December 31, 2008

The Church, wrote the French theologian Yves Congar, “must breathe fully with both its lungs: the Eastern Churches and the Western.” Until the 1880’s, there were no Eastern Rite Churches in America. Most of the first Eastern Catholic immigrants were Ruthenian (also called Byzantine). Today marks the death of Father Nicephor Chanath (1855-1898), a pioneer Ruthenian priest who worked in New Jersey and Pennsylvania. When many Eastern Catholics arrived, they got a cold reception from Latin bishops who didn’t understand… Read more

December 30, 2008

At the heart of St. Louis’ Italian community is a neighborhood known as The Hill. Beginning in the 1880’s, immigrants from Italy and Sicily moved there in search of work, and over the years it’s retained its distinctive ethnic character. (Fire hydrants are still painted red, white, and green.) Yogi Berra and Joe Garagiola grew up there, across the street from each other. St. Ambrose was founded as an Italian parish on the Hill in 1903. In 1972, a monument… Read more

December 30, 2008

Jay Dolan has a new book on Irish American history, a slim one volume overview that’s very readable and incoporates recent scholarship. Dolan just retired from teaching history at Notre Dame, where he founded the Cushwa Center for the Study of American Catholicism. For a recent review of the book click here. Read more

December 30, 2008

In July 1906, the Jesuits bought the old Kings County jailhouse on Crow Hill from one of their former students, Bishop Charles E. McDonnell. For a long time they had wanted to come to Brooklyn, but McDonnell’s predecessor, Bishop John Loughlin, wouldn’t let them. (A local paper claimed that Loughlin had a strong “aversion for two classes of people—Jesuits and reporters.”) They had plans for a large domed church and college that would cover an entire city block. On September… Read more

December 30, 2008

Today marks the founding of the American Catholic Historical Association in Cleveland in 1919. It still serves as a national organization for scholars interested in Catholic Church history or Catholic aspects of secular history. The driving force behind its founding was Monsignor Peter Guilday (1884-1947), a Church History professor at Catholic University in Washington, D.C. As founder of the Catholic Historical Review, through his books and the seminars he taught, Guilday professionalized the field. One of his students, Monsignor John… Read more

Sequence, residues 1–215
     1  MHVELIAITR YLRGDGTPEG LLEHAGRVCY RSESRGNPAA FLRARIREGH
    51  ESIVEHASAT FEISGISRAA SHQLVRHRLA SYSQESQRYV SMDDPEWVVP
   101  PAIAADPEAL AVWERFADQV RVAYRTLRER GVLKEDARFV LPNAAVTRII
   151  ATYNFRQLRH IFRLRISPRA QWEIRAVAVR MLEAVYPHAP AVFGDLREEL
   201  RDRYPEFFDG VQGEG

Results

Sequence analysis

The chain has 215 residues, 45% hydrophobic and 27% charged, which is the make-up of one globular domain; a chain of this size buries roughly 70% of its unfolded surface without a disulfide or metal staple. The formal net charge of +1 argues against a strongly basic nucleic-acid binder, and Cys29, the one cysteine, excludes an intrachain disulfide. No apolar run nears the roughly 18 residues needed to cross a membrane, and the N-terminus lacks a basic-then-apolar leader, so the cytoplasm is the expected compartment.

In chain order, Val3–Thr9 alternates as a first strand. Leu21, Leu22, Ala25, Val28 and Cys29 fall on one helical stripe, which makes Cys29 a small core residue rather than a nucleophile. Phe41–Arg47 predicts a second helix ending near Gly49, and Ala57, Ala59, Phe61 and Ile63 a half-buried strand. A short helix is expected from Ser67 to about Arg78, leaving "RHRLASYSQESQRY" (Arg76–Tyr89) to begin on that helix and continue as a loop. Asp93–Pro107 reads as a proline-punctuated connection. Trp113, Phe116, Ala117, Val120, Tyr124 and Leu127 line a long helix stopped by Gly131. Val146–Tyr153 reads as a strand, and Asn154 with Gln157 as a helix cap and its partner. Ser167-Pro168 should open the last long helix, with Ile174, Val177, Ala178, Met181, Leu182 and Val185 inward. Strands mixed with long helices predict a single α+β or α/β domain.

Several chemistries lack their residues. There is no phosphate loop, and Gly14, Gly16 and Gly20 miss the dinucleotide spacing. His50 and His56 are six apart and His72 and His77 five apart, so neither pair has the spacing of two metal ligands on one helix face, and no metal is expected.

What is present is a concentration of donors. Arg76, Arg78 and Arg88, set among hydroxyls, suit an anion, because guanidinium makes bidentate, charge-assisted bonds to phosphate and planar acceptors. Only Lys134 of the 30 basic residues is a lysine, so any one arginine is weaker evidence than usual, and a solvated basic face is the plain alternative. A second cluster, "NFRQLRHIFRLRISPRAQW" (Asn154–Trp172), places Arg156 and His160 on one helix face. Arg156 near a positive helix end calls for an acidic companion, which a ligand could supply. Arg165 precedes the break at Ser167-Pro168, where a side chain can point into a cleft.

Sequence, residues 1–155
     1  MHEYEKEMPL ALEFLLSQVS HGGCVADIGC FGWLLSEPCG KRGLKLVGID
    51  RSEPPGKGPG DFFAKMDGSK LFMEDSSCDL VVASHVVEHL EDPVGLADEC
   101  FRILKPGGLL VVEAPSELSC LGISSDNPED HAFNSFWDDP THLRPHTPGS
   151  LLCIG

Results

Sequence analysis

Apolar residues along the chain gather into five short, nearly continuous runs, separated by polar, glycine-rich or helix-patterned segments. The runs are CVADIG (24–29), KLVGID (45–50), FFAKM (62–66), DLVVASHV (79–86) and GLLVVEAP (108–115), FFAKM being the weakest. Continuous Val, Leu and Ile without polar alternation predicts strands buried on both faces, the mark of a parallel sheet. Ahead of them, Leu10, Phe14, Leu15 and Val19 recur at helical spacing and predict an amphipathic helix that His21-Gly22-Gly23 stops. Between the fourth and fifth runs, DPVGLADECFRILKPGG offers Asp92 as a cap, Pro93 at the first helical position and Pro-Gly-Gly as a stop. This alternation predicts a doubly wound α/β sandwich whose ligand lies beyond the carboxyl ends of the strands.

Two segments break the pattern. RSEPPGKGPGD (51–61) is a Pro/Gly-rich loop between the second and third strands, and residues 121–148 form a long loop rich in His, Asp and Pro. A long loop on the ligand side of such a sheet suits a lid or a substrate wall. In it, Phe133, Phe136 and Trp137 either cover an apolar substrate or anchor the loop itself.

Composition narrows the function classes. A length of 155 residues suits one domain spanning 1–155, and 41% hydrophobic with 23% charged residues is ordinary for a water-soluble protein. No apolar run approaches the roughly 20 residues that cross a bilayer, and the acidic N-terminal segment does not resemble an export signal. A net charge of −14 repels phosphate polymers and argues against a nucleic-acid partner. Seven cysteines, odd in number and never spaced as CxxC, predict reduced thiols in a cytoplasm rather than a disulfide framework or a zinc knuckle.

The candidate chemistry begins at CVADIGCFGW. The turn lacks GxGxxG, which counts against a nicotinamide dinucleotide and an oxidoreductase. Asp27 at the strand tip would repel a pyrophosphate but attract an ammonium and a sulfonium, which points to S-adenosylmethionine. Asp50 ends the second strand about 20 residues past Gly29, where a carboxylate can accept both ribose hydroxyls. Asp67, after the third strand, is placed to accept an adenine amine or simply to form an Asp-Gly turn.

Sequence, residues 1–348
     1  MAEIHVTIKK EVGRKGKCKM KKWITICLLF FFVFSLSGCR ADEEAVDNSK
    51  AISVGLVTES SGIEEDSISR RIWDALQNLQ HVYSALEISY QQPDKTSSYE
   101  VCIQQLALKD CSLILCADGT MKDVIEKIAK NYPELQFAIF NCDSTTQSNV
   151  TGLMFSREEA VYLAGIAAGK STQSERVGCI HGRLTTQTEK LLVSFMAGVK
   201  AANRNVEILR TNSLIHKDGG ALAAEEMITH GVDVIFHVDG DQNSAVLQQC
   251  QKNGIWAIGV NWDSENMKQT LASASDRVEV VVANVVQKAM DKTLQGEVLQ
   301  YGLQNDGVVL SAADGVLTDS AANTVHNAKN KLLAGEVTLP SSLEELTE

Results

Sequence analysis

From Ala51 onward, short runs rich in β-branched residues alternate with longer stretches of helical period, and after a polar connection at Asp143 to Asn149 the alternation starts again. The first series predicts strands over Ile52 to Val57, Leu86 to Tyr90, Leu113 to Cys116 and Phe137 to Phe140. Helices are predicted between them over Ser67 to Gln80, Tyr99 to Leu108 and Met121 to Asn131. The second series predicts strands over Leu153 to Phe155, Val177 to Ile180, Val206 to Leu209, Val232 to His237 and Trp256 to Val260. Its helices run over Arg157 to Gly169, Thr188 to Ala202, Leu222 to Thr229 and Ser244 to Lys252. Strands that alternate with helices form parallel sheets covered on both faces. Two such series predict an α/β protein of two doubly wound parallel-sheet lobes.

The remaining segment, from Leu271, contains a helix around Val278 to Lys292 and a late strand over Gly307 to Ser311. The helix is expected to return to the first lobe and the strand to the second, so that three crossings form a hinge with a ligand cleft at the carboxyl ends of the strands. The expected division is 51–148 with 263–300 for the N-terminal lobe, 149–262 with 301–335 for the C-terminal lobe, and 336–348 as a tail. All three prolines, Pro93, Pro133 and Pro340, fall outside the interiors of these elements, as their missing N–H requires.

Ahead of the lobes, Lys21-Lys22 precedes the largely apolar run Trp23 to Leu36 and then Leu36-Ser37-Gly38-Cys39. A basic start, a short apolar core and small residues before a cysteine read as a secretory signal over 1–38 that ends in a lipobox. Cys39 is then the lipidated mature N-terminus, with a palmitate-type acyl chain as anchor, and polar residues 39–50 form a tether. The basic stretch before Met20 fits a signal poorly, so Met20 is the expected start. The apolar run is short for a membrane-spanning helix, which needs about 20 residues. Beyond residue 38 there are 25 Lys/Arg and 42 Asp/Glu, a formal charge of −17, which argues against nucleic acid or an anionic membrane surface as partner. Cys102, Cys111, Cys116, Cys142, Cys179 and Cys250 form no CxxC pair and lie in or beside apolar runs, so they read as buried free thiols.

December 30, 2008

John Adams said that Catholics were scarce as earth-quakes or comets in early America. Nowhere was this truer than in New Hampshire, where Catholics were banned from holding office until 1877. Yet it was here that one of the dramatic conversion stories ever ocurred. It began in 1817 when Virgil Horace Barber (1782-1847), an Episcopal priest, along with his wife and children were received into the Roman Catholic Church. The following year Virgil’s father (also an Episcopal priest) and mother… Read more

December 29, 2008

Today is also the Feast of St. Thomas Becket (1118?-1170), Archbishop of Canterbury, who was murdered this day in 1170 in his own cathedral. King Henry II (1154-1189) wanted to strengthen his control over the Church, and in his friend Becket he thought he had a “yes man.” But he was soon surprised. The new archbishop became a staunch defender of the Church’s rights against royal authority. As the conflict heightened, Henry is reputed to have said, “Who will rid… Read more

December 29, 2008

They really do go in threes. Today also marks the death of John Loughlin, Brooklyn’s first Bishop, in 1891 at age 74. Known as the “Good Old Man” among his priests, until his final illness he preferred to do all his work himself, without even a secretary. Some said he carried the Chancery around in his hatband throughout his 38 years as Bishop. In his later years, the Brooklyn Eagle described him as “a stout, middle sized man with ruddy… Read more

December 29, 2008

Today marks the death of Father Sylvester Malone (1821-1899), an Irish-born priest who served in Brooklyn for 55 years. His one and only assignment was at Saints Peter and Paul in Williamsburg, a parish he founded a few weeks after his ordination in 1844. A strong abolitionist, Malone is believed to have aided the Underground Railroad. He saw slavery as “a blasphemous rebellion against the ordinance of God—to love one another—a radical injustice that in any other land and any… Read more

December 29, 2008

Today marks the death of James Alphonsus McMaster (1820-1886), a giant in the nineteenth century Catholic press. Born in upstate New York, he converted to Catholicism as a young man and studied for the priesthood before becoming a journalist. In 1848 he took charge of the Freeman’s Journal, an independent Catholic newspaper based in New York. His editorial policy has been described as “ever intemperate and always arch-conservative.” In 1854, when Irish-American leader Thomas Francis Meagher physically attacked him for… Read more

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